4 min read

Are You Taking Full Advantage of an HSA as a Retirement Saving Tool?

An HSA, or healthcare savings account, can be a valuable tool to grow wealth and afford medical care in retirement.

Health savings accounts are prized by many for their short-term benefits. HSA contributions are tax-deductible, lowering your tax bill every year that you add to the account, and you can pull money out of your HSA tax-free for qualified medical expenses right now, or next month, or whenever you need it. But when used properly, an HSA can also be an instrumental tool for long-term financial planning that sets you up for a comfortable and satisfying retirement

These accounts offer a range of tax-advantaged benefits that can help you grow your wealth and afford the medical care you need in retirement. If you’re not already using an HSA to maximize your retirement savings, it might be time to reconsider.

HSAs: Potential Benefits for Retirement

Your insurance advisors and retirement advisors are the best resource for determining if and how an HSA fits into your plans, including giving you specific guidance about how the following benefits might affect your retirement saving strategy. 

  • Portability makes an HSA a viable retirement saving tool no matter where you are in your career. HSAs aren’t linked to employment status, so as long as you’re enrolled in an HSA-qualified high deductible health plan, you can open an HSA at any time. If you’re early in your career, you could change jobs a dozen times before reaching retirement without losing your HSA (however, you can only contribute funds while enrolled in a high-deductible plan).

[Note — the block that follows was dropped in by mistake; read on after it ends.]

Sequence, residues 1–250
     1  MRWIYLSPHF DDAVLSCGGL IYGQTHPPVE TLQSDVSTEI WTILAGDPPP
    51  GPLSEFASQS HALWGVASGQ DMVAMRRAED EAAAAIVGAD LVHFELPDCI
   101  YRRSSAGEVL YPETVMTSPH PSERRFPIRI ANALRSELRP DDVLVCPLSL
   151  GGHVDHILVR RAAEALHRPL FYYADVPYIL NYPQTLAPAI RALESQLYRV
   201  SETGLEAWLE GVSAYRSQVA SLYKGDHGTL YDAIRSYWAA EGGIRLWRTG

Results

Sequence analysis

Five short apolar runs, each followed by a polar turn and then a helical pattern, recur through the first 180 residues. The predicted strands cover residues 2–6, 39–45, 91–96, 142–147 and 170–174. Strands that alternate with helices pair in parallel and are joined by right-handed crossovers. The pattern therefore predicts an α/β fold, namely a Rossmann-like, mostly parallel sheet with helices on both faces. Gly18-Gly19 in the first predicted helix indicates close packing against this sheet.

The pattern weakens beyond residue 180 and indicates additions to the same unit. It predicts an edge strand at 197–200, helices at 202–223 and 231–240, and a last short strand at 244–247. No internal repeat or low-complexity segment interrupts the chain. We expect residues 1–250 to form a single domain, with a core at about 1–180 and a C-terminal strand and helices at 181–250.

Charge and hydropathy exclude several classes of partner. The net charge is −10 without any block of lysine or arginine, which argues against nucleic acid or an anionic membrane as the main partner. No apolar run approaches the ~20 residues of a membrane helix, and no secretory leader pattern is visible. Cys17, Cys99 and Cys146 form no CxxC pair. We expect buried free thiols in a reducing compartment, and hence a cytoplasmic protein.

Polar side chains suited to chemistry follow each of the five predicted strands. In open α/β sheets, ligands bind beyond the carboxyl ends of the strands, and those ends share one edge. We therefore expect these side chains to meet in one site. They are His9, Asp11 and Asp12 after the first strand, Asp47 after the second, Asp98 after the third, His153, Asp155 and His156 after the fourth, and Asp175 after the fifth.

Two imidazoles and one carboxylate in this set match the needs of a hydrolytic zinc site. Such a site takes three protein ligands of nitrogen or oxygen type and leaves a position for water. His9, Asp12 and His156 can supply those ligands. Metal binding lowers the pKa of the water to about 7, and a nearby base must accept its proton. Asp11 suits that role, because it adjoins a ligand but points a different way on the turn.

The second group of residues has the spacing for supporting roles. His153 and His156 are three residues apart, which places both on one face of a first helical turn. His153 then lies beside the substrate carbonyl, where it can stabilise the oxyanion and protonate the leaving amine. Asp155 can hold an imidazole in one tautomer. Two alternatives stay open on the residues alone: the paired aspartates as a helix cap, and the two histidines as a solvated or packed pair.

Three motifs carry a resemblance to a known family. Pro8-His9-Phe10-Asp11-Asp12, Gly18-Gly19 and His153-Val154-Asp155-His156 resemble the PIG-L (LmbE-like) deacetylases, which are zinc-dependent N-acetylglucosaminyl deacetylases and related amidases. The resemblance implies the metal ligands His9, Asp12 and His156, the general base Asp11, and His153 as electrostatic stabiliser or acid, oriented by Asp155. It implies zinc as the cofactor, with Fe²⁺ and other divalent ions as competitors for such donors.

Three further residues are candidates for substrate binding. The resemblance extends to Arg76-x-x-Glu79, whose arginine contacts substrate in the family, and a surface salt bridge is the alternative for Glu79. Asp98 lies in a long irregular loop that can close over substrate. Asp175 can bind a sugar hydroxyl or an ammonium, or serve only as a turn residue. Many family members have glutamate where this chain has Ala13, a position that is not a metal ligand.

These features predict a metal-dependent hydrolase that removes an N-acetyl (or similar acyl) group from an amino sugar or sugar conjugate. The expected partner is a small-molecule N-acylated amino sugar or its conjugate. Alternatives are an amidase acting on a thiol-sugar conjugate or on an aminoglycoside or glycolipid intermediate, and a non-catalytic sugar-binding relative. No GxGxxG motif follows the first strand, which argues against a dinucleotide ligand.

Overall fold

• An HSA can be part of your strategy to maximize contributions to retirement accounts. If you’re aggressively saving for retirement and routinely max out your annual contributions to your 401(k) and IRA, an HSA gives you another tax-advantaged place to save. You’ll still be limited by the annual HSA contribution limit, which increases by $1,000 once you turn 55. (For example, in 2023 you could contribute up to $7,750 to your HSA if your health plan covers you and your family, or up to $8,750 if you’re also 55+.) 
  • IRAs may be rolled into HSAs for greater tax savings. The tax benefits make HSAs an especially attractive savings vehicle for anyone who expects to live on a fixed income in retirement. Not only are contributions made pre-tax, but money grows tax-free and you won’t be taxed on any withdrawals that are used to pay for qualified medical expenses. And unlike IRAs and other retirement accounts, HSAs don’t require you to take annual distributions when you reach a certain age. 

Because of these benefits, some people elect to roll an IRA into an HSA. Money that would be taxed as a withdrawal from your IRA then becomes money that you can take out tax-free for qualified expenses. (Note that there are eligibility requirements and some strategy involved in making this work, and the rollover amount is limited to your maximum HSA contribution amount.)

  • Investing HSA funds creates an opportunity to speed up the growth of your retirement savings. If you have the means to cover your medical expenses without having to pull much money from your HSA, that money can grow tax-free in investments for many years. Your options for investing your HSA funds depend on how and where the account is set up. HSA administrators may create recommendations so account owners don’t have to make investment decisions. Or, you may be able to create and adjust your own HSA investment portfolio to reflect your personal investment philosophy. (Speak to your investment advisors before making these decisions.)